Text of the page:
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« Moving transactions online | Main | Put your game face on »

Stux on you

By Dave Birch posted Nov 29 2010 at 8:58 PM

[Dave Birch] The media are full of cyberwar at the moment. I'm sleeping safely in my bed knowing that we now have a cyberwar strategy. But there does appear to have been one cyberwar attack that has already succeeded. The story about Stuxnet is fascinating, especially now that the Iranians have admitted that it worked.

President Mahmoud Ahmadinejad admitted Monday that "several" uranium enrichment centrifuges were damaged by "software installed in electronic equipment," amid speculation Iran's nuclear activities had come under cyberattack.

[From France24 - Iran admits uranium enrichment hit by malware]

So whoever wanted to stop the Iranians from enriching uranium (the Americans, the Saudis, the Israelis etc) found a cheaper and more efficient way to do it than launching cruise missiles or dropping bunker busting bombs.

Here are the bare bones.

the malicious code that Stuxnet aims to run on the industrial control system execute on the PLC and are written in MC7 bytecode. MC7 is the assembly language that runs on PLCs and is often originally written in STL... only CPUs 6ES7-417 and 6ES7-315-2 are infected

[From Exploring Stuxnet’s PLC Infection Process | Symantec Connect]

OK. So this seems reasonable. A clever virus writer has put together something that propagates across PCs and when it finds a particular CPU attached (for industrial control) is sends its "payload" to that CPU. It's very specific.

Stuxnet searches for frequency converter drives made by Fararo Paya of Iran and Vacon of Finland. In addition, Stuxnet is only interested in frequency converter drives that operate at very high speeds, between 807 Hz and 1210 Hz. The malware is designed to change the output frequencies of drives, and therefore the speed of associated motors, for short intervals over periods of months. This would effectively sabotage the operation of infected devices while creating intermittent problems that are that much harder to diagnose.

[From Missing piece completes Stuxnet jigsaw • The Register]

Pretty dastardly.

O'Murchu noted that researchers had uncovered the reference to an obscure date in the worm's code, May 9, 1979, which, he noted, was the date on which a prominent Iranian Jew, Habib Elghanian, who was executed by the new Islamic government shortly after the revolution.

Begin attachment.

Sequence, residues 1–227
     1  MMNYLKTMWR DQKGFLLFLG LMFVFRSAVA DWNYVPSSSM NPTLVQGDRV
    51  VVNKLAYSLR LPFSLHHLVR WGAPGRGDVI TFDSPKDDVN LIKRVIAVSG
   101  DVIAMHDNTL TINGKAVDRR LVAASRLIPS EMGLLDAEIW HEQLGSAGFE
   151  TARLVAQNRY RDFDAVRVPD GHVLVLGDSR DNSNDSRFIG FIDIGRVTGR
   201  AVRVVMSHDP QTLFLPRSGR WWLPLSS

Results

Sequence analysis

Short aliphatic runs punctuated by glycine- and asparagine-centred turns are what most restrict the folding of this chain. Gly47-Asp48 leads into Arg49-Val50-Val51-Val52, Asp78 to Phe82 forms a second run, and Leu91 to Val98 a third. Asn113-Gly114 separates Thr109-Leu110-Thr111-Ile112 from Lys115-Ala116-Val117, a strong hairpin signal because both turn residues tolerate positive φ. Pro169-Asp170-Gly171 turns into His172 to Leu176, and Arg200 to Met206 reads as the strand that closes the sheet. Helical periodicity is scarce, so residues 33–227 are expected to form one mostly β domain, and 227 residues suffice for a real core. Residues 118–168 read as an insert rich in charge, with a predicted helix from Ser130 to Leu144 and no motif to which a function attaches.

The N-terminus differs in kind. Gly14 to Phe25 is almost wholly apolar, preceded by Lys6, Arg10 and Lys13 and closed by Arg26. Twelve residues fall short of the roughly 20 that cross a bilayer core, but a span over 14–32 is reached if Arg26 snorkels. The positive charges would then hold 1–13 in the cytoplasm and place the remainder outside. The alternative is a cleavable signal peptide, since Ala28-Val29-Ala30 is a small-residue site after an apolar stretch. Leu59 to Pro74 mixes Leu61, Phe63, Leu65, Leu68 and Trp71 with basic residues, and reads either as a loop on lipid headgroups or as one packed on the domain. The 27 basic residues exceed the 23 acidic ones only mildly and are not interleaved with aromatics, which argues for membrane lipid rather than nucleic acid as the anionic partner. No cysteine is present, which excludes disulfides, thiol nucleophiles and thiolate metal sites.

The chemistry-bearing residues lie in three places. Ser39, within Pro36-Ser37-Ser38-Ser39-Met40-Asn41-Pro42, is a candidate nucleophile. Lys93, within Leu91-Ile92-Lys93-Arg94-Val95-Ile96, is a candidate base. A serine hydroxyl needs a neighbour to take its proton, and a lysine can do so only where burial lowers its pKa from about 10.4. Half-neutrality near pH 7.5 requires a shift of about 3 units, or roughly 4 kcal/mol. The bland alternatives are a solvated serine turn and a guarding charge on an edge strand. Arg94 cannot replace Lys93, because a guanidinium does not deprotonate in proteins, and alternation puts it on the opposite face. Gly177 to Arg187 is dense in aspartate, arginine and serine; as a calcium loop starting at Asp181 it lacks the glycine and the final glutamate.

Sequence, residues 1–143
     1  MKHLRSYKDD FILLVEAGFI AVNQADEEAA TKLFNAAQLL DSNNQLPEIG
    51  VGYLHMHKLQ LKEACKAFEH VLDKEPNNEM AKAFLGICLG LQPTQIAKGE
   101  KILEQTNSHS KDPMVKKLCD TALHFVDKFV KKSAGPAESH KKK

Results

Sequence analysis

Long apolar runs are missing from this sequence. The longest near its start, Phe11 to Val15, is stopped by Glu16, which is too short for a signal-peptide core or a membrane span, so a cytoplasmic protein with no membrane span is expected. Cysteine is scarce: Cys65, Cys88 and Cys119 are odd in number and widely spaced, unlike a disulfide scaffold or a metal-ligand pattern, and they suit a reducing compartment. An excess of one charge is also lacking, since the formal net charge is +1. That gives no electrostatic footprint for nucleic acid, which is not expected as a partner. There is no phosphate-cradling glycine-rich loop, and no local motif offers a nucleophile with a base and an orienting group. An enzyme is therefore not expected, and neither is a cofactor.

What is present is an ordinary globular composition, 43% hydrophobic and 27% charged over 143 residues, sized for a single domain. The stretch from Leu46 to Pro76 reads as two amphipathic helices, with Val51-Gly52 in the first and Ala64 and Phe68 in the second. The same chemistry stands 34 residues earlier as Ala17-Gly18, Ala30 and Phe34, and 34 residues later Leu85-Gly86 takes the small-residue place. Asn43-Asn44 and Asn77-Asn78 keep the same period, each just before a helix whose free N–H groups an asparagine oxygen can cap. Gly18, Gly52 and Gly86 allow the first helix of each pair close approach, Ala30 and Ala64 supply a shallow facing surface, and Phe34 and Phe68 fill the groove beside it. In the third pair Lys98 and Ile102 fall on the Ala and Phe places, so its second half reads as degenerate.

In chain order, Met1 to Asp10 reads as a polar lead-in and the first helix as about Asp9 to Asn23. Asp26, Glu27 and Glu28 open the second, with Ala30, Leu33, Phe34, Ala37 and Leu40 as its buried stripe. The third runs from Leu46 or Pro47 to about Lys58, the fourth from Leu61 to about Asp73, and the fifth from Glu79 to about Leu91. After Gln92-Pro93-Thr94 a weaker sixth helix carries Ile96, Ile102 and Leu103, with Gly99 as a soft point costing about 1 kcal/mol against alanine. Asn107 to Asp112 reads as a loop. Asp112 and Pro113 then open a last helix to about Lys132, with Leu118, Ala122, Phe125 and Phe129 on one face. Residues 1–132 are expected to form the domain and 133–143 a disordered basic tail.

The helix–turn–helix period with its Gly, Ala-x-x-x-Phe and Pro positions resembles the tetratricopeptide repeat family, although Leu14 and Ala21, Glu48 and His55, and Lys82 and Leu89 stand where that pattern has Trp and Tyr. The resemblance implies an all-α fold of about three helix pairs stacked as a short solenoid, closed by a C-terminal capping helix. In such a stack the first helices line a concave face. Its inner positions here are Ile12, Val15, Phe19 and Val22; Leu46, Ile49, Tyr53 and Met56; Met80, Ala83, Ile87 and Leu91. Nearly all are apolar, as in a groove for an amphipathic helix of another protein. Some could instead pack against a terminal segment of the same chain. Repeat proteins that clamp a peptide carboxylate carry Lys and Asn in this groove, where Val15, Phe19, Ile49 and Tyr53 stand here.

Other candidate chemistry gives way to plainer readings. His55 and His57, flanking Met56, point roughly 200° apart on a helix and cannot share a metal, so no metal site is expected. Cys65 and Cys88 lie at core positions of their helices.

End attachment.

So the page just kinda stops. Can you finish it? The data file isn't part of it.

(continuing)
[From Stuxnet Analysis Supports Iran-Israel Connections | threatpost]

On the other hand, it was also the day that the Unabomber struck at Northwestern, so maybe it's got something to do with that? Or what if it is related to the famous Pierre Trudeau rally on that day and BC separatists are behind the hack, actually targeted at the Canadian oil industry? Of course, none of us has any idea whether any of this is true or not. I does make you wonder though: if there was a proper digital identity infrastructure in place, which managed M2M transactions as well as P2M transactions, then how would this kind of attack work? Suppose, for example, that the kind of digital identity infrastructure that uses digital signatures was in place that how would sneaky foreign viruses get their payload on board?

It turns out that the Stux story does involve digital signatures. Having followed the links from a few stories to try and find out what actually happened, I'm none the wiser. Perhaps journalists aren't reporting it properly, or perhaps bits of the story are missing.

Q: How can it install its own driver? Shouldn't drivers be signed for them to work in Windows?
A: Stuxnet driver was signed with a certificate stolen from Realtek Semiconductor Corp.

Q: Has the stolen certificate been revoked?
A: Yes. Verisign revoked it on 16th of July. A modified variant signed with a certificate stolen from JMicron Technology Corporation was found on 17th of July.

[From Stuxnet Questions and Answers -]

I don't understand this. A stolen certificate wouldn't allow you to forge a signature, since it contains the public key, whereas you need the private key to form a signature. Is there anyone out there who can point me in the right direction to find out what has actually been going on? Or is this more evidence that someone has the master key to the internet that The Daily Telegraph told us about.

These opinions are my own (I think) and presented solely in my capacity as an interested member of the general public [posted with ecto]

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Comments

A stolen certificate wouldn't allow you to forge a signature, since it contains the public key, whereas you need the private key to form a signature.

The public key is already just that - public. There is no reason to steal it. What has been stolen is Realtek's and JMicron's private key.

Here is one related link on the topic: http://www.mail-archive.com/cryptography@metzdowd.com/msg11324.html

Thanks for this excellent pointer Eitan.

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